(above video via the Pacific Asia Museum blog)

It truly is special to have the works by Gajin Fujita and Tsukioka Yoshitoshi reside under the same roof, and would like to thank the staff at the Pacific Asia Museum for making these exhibitions possible, and for generously providing us with additional images for this post!

We hope you have the opportunity to visit the Pacific Asia Museum before these exhibitions come to an end.

Gajin Fujita: Ukiyo-e in Contemporary Painting  on view through October 7.

Masterpieces of Tsukioka Yoshitoshi on view through August 12.

Images Left to Right; Top to Bottom: Tsukioka Yoshitoshi (1839-1892),Kintarō Snaring a Giant Carp (Kintarō horigyo), Japan, July 1885, Woodblock print on paper, Collection of Ed Freis, Courtesy of Pacific Asia Museum; Gajin FujitaGolden Boy After Kuniyoshi, 2011, gold leaf, platinum leaf, and silver leaf with spraypaint and paint markers on wood panel, Private Collection; Tsukioka Yoshitoshi (1839-1892),Gojō Bridge in the Chronicles of Yoshitsune (Gikeiki Gojōbashi no zu), Japan, 1881, Woodblock print on paper, Collection of Ed Freis, Courtesy of Pacific Asia Museum; Gajin FujitaShore Line Duel, 2004, gold and white gold leaf, acrylic, spray paint and Mean Streak on wood panels, Private Collection.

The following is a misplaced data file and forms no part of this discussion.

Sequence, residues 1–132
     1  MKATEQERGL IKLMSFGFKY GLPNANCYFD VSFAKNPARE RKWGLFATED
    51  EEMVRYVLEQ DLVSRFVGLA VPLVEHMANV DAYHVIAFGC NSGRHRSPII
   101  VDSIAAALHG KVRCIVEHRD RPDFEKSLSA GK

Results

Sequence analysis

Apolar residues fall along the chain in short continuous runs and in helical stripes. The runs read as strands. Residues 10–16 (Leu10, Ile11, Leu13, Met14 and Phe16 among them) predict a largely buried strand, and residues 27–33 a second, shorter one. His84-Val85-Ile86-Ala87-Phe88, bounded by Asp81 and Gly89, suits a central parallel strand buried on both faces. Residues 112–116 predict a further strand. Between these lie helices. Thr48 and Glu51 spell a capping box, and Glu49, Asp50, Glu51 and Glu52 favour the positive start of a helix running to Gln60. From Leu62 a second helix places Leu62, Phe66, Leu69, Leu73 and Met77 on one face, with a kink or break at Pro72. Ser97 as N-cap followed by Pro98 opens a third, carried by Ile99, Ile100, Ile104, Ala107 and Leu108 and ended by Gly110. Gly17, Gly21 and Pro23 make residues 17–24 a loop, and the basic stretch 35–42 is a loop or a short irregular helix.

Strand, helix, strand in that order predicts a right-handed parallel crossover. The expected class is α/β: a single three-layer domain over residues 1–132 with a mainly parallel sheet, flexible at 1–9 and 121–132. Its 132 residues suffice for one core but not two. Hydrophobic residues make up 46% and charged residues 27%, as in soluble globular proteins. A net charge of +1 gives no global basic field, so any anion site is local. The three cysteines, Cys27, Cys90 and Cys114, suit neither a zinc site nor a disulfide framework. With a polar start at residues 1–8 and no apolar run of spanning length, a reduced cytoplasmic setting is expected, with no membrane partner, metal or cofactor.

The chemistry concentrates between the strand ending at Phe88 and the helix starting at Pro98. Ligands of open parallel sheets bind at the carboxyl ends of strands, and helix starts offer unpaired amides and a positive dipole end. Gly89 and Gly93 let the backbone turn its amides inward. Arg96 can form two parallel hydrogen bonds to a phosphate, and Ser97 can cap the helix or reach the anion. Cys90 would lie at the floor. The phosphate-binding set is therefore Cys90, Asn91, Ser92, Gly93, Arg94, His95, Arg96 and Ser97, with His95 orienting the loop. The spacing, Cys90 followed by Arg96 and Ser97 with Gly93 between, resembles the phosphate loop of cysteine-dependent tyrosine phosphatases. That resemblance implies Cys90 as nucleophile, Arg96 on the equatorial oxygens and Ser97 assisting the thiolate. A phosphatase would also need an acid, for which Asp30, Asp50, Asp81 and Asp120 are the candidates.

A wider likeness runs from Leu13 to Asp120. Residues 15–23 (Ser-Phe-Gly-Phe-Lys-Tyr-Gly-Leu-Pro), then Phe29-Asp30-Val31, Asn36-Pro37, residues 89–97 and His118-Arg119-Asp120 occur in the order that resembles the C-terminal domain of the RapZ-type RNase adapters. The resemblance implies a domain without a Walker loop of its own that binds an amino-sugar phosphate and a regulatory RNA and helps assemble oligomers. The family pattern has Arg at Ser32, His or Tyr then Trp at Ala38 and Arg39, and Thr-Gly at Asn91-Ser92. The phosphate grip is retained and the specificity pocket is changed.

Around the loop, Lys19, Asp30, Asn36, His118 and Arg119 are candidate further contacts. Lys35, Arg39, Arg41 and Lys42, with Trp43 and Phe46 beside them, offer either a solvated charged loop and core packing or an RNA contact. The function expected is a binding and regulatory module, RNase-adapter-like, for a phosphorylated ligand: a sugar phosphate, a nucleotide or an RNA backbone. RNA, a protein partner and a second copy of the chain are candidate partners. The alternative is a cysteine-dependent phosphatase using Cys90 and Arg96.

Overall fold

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Edo Pop - The Grafic Impact of Japanese Prints
Exhibition at the Minneapolis Institute of Arts, Oct 30, 2011 - Jan 8, 2012


Full image titles:

Iona Rozeal Brown, American, born 1966
One for the Money, Two Faux the Show (Still Pimpin’), after Katsukawa Shun’ei’s The Actor Ichikawa Komazo III, 2006
Acrylic, gold leaf on panel

Kitagawa Utamaro, 1753/54–1806
Love for a Farmer’s Wife, 1795–96
Color woodblock print (nishiki-e)

Gajin Fujita, American, born 1972
Crew, 2002
Spray paint, acrylic, and gold leaf on wood

Kabukidō Enkyō, active ca. 1796
Ichikawa Yaozō III as Umeōmaru, 1796
Color woodblock print (nishiki-e)